*b*. Consider the simplest polygon case, i.e. a triangle with

*l*=10. The amplitude of the modified helical beam is given as

*ψ*(

*r*,

*θ*)=exp(-

*r*

^{2}/

*iφ*(

*θ*)], where

*w*

_{0}is the beam waist. It is shown in Fig. 2 that the value of the constant b has a significant effort on the shape of the roundness of the reconstructed perimeter in the far field.

*b*decreases the shape of the perimeter tends to be a circle. Obviously an optimized value of

*b*is existed and it can be found out as an empirical formula

*b*=-0.3

*l*valid for

*l*≥10 in the simulation. It is also noted that Eq. (3) is only applied to helical beams with

*l*≫1. So Eq. (7) becomes

_{00}laser beam shining onto a reflective type SLM (Boulder Nonlinear Systems P512 with 512×512 pixels) was imposed by the designated phase function

*φ*(

*θ*). Then the modified helical beam passed through a focusing lens to generate the far-field intensity distribution as shown in Fig. 3 captured by a CCD beam profiler in the focal plane. A constant phase can be added to cancel out the Gouy phase shift effect in order to keep the patterns the same orientation with that of the designs.

*µm*diameter polystyrene spheres dispersed in water.

*l*, which indicates the existence of orbital angular momentum. The movie in Fig. 4 shows that the orbital angular momentum induced rotation of polystyrene spheres trapped in the bright rim of triangle shape optical vortex.

## Acknowledgments

## References and Links

1. | A. Ashkin, J. M. Dziedzic, J. E. Bjorkholm, and S. Chu, “Observation of a single-beam gradient force optical trap for dielectric particles,” Opt. Lett. |

2. | K. T. Gahagan and G. A. Swartzlander Jr., “Optical vortex trapping of particles,” Opt. Lett. |

3. | H. He, N. R. Heckenberg, and H. Rubinsztein-Dunlop, “Optical particle trapping with higher-order doughnut beams produced using high efficiency computer generated holograms,” J. Mod. Opt. |

4. | M. E. J. Friese, J. Enger, H. Rubinsztein-Dunlop, and N. R. Heckenberg, “Optical angular-momentum transfer to trapped absorbing particles,” Phys. Rev. A |

5. | J. E. Curtis and D. G. Grier, “Modulated optical vortices,” Opt. Lett. |

6. | D. W. Zhang and X.-C. Yuan, “Optical doughnut for optical tweezers,” Opt. Lett. |

7. | W. M. Lee, X.-C. Yuan, and W. C. Cheong, “Optical vortex beam shaping by use of highly efficient irregular spiral phase plates for optical micromanipulation,” Opt. Lett. |

8. | N. R. Heckenberg, R. McDuff, C. P. Smith, H. Rubinsztein-Dunlop, and M. J. Wegener, “Laser beams with phase singularities,” Opt. Quantum Electron. |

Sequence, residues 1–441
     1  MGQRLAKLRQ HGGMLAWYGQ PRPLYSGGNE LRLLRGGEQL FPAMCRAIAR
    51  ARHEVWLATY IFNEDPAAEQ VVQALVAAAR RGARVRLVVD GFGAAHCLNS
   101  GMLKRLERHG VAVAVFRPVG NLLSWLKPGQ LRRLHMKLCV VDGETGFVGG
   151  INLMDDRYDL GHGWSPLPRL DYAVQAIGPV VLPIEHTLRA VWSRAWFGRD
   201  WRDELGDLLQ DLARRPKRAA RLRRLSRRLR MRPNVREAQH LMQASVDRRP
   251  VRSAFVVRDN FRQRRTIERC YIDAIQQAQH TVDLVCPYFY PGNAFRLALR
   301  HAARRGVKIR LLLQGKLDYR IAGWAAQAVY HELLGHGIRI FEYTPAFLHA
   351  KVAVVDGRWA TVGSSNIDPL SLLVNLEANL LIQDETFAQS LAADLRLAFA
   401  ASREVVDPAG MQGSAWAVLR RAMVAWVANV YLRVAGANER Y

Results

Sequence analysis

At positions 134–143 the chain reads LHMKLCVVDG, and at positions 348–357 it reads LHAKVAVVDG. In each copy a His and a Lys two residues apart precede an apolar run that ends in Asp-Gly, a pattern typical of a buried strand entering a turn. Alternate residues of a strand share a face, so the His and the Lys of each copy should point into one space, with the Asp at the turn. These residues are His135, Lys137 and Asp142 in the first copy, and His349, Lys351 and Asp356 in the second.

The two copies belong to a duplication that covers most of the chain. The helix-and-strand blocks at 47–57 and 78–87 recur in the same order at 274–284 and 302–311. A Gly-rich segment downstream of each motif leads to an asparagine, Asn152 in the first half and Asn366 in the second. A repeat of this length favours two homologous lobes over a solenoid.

**OCIS Codes**

(050.1970) Diffraction and gratings : Diffractive optics

(140.3300) Lasers and laser optics : Laser beam shaping

(140.7010) Lasers and laser optics : Laser trapping

(350.5030) Other areas of optics : Phase

**ToC Category:**

Research Papers

**History**

Original Manuscript: February 24, 2005

Revised Manuscript: May 10, 2005

Published: May 16, 2005

**Citation**

J. Lin, X.-C. Yuan, S. H. Tao, X. Peng, and H. B. Niu, "Deterministic approach to the generation of modified helical beams for optical manipulation," Opt. Express **13**, 3862-3867 (2005)

http://www.opticsinfobase.org/oe/abstract.cfm?URI=oe-13-10-3862

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### References

- A. Ashkin, J. M. Dziedzic, J. E. Bjorkholm, and S. Chu, �??Observation of a single-beam gradient force optical trap for dielectric particles,�?? Opt. Lett. 11, 288-290 (1986). [CrossRef] [PubMed]
- K. T. Gahagan and G. A. Swartzlander Jr., �??Optical vortex trapping of particles,�?? Opt. Lett. 21, 827-829 (1996). [CrossRef] [PubMed]
- H. He, N. R. Heckenberg, and H. Rubinsztein-Dunlop, �??Optical particle trapping with higher-order doughnut beams produced using high efficiency computer generated holograms,�?? J. Mod. Opt. 42, 217-223 (1995). [CrossRef]
- M. E. J. Friese, J. Enger, H. Rubinsztein-Dunlop, and N. R. Heckenberg, �??Optical angular-momentum transfer to trapped absorbing particles,�?? Phys. Rev. A 54, 1593-1596 (1996). [CrossRef] [PubMed]
- J. E. Curtis and D. G. Grier, �??Modulated optical vortices,�?? Opt. Lett. 28, 872-874 (2003). [CrossRef] [PubMed]
- D. W. Zhang and X.-C. Yuan, �??Optical doughnut for optical tweezers,�?? Opt. Lett. 28, 740-742 (2003). [CrossRef] [PubMed]
- W. M. Lee, X.-C. Yuan, and W. C. Cheong, �??Optical vortex beam shaping by use of highly efficient irregular spiral phase plates for optical micromanipulation,�?? Opt. Lett. 29, 1796-1798 (2004). [CrossRef] [PubMed]
- N. R. Heckenberg, R. McDuff, C. P. Smith, H. Rubinsztein-Dunlop, and M. J. Wegener, �??Laser beams with phase singularities,�?? Opt. Quantum Electron. 24, 951-962 (1992). [CrossRef]